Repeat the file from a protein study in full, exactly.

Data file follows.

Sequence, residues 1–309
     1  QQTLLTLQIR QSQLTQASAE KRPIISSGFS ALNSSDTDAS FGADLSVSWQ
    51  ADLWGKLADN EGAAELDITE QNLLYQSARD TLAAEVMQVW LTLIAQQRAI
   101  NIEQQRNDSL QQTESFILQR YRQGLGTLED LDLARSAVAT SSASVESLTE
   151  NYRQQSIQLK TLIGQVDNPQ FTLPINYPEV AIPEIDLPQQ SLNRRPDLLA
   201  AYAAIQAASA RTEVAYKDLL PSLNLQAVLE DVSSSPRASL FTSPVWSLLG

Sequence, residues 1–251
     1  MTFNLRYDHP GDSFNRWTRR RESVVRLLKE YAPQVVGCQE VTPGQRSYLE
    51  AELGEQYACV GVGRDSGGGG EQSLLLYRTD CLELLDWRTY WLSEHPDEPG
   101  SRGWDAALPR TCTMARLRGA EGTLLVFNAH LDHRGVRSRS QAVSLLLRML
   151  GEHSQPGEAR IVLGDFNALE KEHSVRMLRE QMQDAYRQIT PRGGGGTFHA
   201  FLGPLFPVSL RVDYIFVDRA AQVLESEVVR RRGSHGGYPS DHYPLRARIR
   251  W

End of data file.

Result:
Sequence, residues 1–309
     1  QQTLLTLQIR QSQLTQASAE KRPIISSGFS ALNSSDTDAS FGADLSVSWQ
    51  ADLWGKLADN EGAAELDITE QNLLYQSARD TLAAEVMQVW LTLIAQQRAI
   101  NIEQQRNDSL QQTESFILQR YRQGLGTLED LDLARSAVAT SSASVESLTE
   151  NYRQQSIQLK TLIGQVDNPQ FTLPINYPEV AIPEIDLPQQ SLNRRPDLLA
   201  AYAAIQAASA RTEVAYKDLL PSLNLQAVLE DVSSSPRASL FTSPVWSLLG

Sequence, residues 1–251
     1  MTFNLRYDHP GDSFNRWTRR RESVVRLLKE YAPQVVGCQE VTPGQRSYLE
    51  AELGEQYACV GVGRDSGGGG EQSLLLYRTD CLELLDWRTY WLSEHPDEPG
   101  SRGWDAALPR TCTMARLRGA EGTLLVFNAH LDHRGVRSRS QAVSLLLRML
   151  GEHSQPGEAR IVLGDFNALE KEHSVRMLRE QMQDAYRQIT PRGGGGTFHA
   201  FLGPLFPVSL RVDYIFVDRA AQVLESEVVR RRGSHGGYPS DHYPLRARIR
   251  W